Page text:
We are digging deep on "Star Wars: The Force Awakens" here at HitFix, and here's a tidbit you probably haven't heard: the name of Gwendoline Christie's shiny chrome-suited villain Captain Phasma was inspired by a beloved cult horror film. Can you guess what it is? Can you can you can you? First, here's an image of Christie's character, as revealed live at this weekend's D23 Convention: Photo Credit: IGN Stumped on which film I'm talking about? Here's a clue: we had a real ball watching this movie. A real...ball. (I hate myself for writing that and am so sorry.) Here's another Captain Phasma image to chew over while you think: Photo Credit: IGN Do you give up? Okay, I'll stop teasing. As revealed by director J.J. Abrams in an interview with EW, the inspiration is none other than Don Coscarelli's low-budget 1979 cult classic "Phantasm," which featured floating, »
- Chris Eggertsen
More stories about "Star Wars: The Force Awakens" continue this week via the latest issue of Entertainment Weekly with a new story today going into Harrison Ford's return to the role of Han Solo on the film. Lucasfilm President Kathleen Kennedy described the actor's first day on the set and admits they didn't get a lot of work done that day:
"The minute Harrison and Chewie walked on board the Millennium Falcon - that was incredible. Every single person on the set was stunned. I remember turning around, and there must have been 200 people gathered behind me - completely quiet. I didn't even know they were there. The whole crew had stopped working, staring at the monitor, because it was so iconic.
Harrison was going through his own experience, finding that place for himself again, to return to something that had been so much a part of his identity and acting career. »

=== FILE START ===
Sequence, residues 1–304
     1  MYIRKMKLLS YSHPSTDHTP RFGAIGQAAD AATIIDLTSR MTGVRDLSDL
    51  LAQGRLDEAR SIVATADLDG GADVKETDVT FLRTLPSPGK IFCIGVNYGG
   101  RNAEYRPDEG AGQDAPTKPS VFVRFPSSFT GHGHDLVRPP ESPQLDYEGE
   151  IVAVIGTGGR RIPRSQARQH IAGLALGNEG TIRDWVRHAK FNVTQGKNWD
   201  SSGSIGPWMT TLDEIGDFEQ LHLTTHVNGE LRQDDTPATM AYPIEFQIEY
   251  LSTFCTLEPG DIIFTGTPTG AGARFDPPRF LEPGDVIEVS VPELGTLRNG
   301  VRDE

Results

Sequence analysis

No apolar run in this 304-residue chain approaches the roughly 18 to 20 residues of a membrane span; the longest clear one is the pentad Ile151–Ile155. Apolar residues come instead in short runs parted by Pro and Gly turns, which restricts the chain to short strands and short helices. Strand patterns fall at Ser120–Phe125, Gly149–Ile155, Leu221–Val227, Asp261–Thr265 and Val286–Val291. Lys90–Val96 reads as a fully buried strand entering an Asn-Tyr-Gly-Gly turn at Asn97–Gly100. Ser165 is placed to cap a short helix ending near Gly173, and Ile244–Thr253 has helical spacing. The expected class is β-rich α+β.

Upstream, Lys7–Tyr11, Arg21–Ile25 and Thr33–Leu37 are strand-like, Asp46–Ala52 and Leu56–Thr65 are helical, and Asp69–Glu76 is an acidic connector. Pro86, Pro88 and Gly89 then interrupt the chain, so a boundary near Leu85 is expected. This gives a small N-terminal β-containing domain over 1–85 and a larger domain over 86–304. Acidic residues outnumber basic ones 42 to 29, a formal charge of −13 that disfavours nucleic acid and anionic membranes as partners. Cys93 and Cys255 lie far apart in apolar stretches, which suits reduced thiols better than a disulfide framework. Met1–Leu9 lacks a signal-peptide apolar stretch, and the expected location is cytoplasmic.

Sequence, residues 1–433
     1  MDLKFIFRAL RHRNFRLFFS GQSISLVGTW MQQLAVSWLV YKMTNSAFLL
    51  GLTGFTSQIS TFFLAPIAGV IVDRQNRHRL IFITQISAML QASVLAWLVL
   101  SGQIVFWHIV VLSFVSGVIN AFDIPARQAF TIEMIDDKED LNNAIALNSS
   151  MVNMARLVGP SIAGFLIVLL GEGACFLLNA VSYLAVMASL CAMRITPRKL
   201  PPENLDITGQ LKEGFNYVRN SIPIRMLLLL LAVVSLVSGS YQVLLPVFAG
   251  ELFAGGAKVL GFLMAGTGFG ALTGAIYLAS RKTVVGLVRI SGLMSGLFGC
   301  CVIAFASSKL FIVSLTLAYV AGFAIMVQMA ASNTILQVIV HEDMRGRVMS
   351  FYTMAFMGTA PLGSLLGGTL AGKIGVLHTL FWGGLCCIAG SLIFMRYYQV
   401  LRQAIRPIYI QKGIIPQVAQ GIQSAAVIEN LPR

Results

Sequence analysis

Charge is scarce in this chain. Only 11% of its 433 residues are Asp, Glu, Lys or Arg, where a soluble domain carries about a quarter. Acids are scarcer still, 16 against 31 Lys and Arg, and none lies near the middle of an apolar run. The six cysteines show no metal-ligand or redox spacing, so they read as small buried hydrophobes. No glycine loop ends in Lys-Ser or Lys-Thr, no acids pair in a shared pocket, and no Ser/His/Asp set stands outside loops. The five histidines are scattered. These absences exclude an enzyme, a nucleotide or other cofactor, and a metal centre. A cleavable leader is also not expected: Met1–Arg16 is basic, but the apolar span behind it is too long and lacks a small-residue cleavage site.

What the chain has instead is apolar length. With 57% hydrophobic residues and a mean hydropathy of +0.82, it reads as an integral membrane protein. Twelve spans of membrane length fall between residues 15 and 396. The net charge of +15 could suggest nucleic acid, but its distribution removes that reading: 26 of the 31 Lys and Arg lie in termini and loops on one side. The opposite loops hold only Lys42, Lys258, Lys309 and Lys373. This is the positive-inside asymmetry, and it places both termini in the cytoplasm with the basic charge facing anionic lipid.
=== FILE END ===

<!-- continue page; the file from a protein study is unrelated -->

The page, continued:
- Garth Franklin
This week kicked off with 12 new photos from Star Wars: The Force Awakens in anticipation of the sequel's inclusion at this weekend's D23 Expo. While director J.J. Abrams has confirmed that no new trailer or footage will debut at the Disney showcase, we do get to see a little more from the anticipated release in these images, which have now been released in high-res after first premiering in EW's fall movie guide. The latest sneak peek highlights old and new characters alike, with both heroes and villains struggling to win over the galaxy. Tread forth cautiously, there are Spoilers below.
The first photo will be familiar to anyone who attended Star Wars Celebration or Comic-Con, as this scene has been hinted at before in previous photos and behind-the-scenes footage. It shows new heroes Finn (John Boyega) and Rey (Daisy Ridley) running from New Order troops on the planet Jakku. »
If you didn't get enough Star Wars: The Force Awakens news yesterday, with new photos and details on the villainous Kylo Ren's backstory, then you're in luck, because we have even more details to share today. Entertainment Weekly has a new report which takes fans behind-the-scenes, with director J.J. Abrams, producer Kathleen Kennedy and writer Lawrence Kasdan sharing new details about Harrison Ford returning as Han Solo. Some were surprised that the actor agreed to come back, since he has often had negative things to say about Han Solo, calling him "dumb as a stump" in a 2008 interview and telling the Today show several years prior that he was "glad to see the costume for the last time." As it turns out, a lot has changed between then and now, with Kathleen Kennedy describing the actor's first day on the set.
"The minute Harrison and Chewie walked on board »
In two weeks, vampires, cannibals, Halloween frights and more will grace the screen at the Muvico Theater in Rosemont, Illinois for Bruce Cambell's Horror Film Festival. Now a telekinetic kid and and an apocalypse have joined the killer lineup, as both June and JeruZalem will make their U.S. premieres at the festival.
Press Release: "Chicago, Illinois (August 6, 2015) – The second annual Bruce Campbell Horror Film Festival presented by Wizard World, running August 20 – 23 at the Muvico Theater in Rosemont, Illinois (9701 Bryn Mawr Ave., Rosemont), is proud to announce the addition of two more films to the already bursting schedule.
June, starring Casper Van Dien (Starship Troopers) and Kennedy Brice (The Walking Dead), tells the story of nine-year-old June (Brice), who has been shuffled in and out of foster homes for years. Though she tries to be good, no matter where she goes a trail of chaos and terror seems to follow. »